An intimate epic, Jonze’s film is nearly unique among modern kid fare for its total lack of condescension to the core audience. Given the chance to ask a pair of wise owls a question in seven words or less, Max gets to the wild heart of things in six: “How do I make everyone okay?” In a sense, the kid’s adventure — sans sadness shield — is a baby step toward understanding that making others “okay” is never gonna happen, not even in a dream. And that’s… okay. Howl if you want to.

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Give Back

Last-Minute Holiday Gift Guide

Hits from the '80s are on repeat all Christmas Eve and Day on IFC.

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GIFs via Giphy, Photos via The Everett Collection

It’s the final countdown to Christmas and thanks to IFC’s movie marathon all Christmas Eve and Christmas Day, you can revel in classic ’80s films AND find inspiration for your last-minute gifts. Here are our recommendations, if you need a head start:

Musical Instrument

Great analog entertainment substitute when you refuse to give your kid the Nintendo Switch they’ve been drooling over.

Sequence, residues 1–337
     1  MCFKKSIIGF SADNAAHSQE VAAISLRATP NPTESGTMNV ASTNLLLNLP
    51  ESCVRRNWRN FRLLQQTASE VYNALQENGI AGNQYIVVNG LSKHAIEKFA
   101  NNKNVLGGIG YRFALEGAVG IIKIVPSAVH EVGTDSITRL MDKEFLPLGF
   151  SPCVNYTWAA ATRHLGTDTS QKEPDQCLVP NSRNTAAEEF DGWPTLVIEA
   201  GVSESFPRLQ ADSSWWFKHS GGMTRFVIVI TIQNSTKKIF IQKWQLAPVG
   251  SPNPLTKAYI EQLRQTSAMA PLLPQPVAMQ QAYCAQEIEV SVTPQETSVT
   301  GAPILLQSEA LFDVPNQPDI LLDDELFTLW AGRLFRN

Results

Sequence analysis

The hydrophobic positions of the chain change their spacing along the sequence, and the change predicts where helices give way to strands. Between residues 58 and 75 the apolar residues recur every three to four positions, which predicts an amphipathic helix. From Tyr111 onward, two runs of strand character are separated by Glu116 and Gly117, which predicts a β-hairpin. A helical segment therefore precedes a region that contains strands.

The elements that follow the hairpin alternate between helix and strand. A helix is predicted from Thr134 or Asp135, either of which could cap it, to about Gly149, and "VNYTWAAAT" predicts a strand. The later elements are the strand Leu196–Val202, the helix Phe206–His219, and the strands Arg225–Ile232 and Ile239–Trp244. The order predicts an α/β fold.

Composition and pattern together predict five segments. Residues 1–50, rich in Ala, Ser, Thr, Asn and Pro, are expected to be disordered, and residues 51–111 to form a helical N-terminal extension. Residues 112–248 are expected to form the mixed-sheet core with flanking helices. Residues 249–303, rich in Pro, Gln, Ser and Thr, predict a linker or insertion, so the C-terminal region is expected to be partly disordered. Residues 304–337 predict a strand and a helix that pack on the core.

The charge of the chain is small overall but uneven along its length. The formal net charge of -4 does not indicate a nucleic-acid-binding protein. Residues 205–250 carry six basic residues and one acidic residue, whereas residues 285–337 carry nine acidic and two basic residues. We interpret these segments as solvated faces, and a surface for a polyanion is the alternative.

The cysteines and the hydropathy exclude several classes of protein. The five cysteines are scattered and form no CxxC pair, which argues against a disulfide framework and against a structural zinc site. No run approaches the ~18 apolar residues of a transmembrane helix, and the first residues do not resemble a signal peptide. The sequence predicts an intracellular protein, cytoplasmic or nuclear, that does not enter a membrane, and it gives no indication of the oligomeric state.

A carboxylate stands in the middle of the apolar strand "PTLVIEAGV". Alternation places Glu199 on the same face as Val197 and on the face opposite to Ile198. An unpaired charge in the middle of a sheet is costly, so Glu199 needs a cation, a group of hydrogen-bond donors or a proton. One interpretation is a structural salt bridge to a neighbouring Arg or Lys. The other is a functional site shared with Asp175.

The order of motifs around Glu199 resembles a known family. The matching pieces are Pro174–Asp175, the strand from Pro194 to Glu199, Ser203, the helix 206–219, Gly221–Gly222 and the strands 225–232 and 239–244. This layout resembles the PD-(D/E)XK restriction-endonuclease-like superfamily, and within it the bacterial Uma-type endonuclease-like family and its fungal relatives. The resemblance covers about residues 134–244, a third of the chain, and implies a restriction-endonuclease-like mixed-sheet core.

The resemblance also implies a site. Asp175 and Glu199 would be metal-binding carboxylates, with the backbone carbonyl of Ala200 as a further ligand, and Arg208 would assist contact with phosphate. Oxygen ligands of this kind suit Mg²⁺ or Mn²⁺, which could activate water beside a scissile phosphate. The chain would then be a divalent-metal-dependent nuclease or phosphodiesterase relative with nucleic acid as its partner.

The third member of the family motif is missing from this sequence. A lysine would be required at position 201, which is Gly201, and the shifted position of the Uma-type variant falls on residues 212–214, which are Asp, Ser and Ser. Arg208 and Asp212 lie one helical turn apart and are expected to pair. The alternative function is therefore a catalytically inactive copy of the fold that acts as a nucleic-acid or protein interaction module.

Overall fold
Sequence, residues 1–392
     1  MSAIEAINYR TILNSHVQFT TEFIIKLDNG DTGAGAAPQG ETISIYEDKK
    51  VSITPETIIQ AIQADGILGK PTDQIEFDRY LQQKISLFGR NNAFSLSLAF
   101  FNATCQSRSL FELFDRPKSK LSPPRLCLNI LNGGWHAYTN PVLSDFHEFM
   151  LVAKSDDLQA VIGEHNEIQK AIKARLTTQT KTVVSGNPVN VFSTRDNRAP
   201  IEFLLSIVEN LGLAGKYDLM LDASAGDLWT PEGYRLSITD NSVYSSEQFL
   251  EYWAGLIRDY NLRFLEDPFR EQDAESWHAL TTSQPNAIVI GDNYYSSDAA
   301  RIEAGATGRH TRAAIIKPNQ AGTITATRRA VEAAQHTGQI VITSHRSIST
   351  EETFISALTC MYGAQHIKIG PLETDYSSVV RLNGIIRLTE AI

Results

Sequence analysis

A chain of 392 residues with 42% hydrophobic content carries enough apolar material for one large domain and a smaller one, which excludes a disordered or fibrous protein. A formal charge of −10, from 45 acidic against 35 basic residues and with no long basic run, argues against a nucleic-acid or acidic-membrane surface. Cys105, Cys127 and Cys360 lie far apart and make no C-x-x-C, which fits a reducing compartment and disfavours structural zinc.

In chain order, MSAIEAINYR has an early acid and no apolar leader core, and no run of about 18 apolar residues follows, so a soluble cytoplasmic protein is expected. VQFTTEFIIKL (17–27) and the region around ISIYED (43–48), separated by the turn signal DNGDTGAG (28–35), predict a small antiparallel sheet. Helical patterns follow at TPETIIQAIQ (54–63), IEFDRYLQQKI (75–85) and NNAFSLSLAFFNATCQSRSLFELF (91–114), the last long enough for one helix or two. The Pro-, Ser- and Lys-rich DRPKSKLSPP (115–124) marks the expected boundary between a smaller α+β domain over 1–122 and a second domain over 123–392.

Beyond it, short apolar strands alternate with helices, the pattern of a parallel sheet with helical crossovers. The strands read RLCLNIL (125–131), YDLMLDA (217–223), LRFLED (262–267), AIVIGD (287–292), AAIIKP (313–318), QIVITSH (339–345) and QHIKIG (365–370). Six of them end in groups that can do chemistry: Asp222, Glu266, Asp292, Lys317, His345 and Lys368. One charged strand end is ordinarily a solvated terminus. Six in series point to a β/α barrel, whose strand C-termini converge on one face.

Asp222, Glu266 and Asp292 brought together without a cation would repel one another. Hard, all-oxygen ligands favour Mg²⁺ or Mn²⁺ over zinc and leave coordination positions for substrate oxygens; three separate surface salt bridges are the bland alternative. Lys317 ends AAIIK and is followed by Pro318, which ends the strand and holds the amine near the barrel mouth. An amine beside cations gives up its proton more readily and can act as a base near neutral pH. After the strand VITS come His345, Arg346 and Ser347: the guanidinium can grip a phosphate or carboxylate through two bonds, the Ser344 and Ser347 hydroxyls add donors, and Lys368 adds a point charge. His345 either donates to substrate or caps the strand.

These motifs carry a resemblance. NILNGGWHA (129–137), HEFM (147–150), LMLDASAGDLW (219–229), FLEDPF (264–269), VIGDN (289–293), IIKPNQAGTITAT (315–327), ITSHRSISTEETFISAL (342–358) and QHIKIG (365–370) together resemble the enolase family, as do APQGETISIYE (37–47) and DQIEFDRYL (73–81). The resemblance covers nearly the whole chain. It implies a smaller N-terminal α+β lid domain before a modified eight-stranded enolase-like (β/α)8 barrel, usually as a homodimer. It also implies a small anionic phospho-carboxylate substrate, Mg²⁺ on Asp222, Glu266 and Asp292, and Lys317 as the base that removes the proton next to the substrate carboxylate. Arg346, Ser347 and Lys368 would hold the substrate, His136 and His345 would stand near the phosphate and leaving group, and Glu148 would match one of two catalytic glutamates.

Breakfast In Bed

Any significant other or child would appreciate these Uncle Buck-approved flapjacks. Just make sure you’re not stuck on clean up duty.

Cocktail Supplies

You’ll need them to get through the holidays.

Dance Lessons

So you can learn to shake-shake-shake (unless you know ghosts willing to lend a hand).

Comfy Clothes

With all the holiday meals, there may be some…embigenning.

Get even more great inspiration all Christmas Eve and Day on IFC, and remember…

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A-O Rewind

Celebrating Portlandia One Sketch at a Time

The final season of Portlandia approaches.

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GIFs via Giphy

Most people measure time in minutes, hours, days, years…At IFC, we measure it in sketches. And nothing takes us way (waaaaaay) back like Portlandia sketches. Yes, there’s a Portlandia milepost from every season that changed the way we think, behave, and pickle things. In honor of Portlandia’s 8th and final season, Subaru presents a few of our favorites.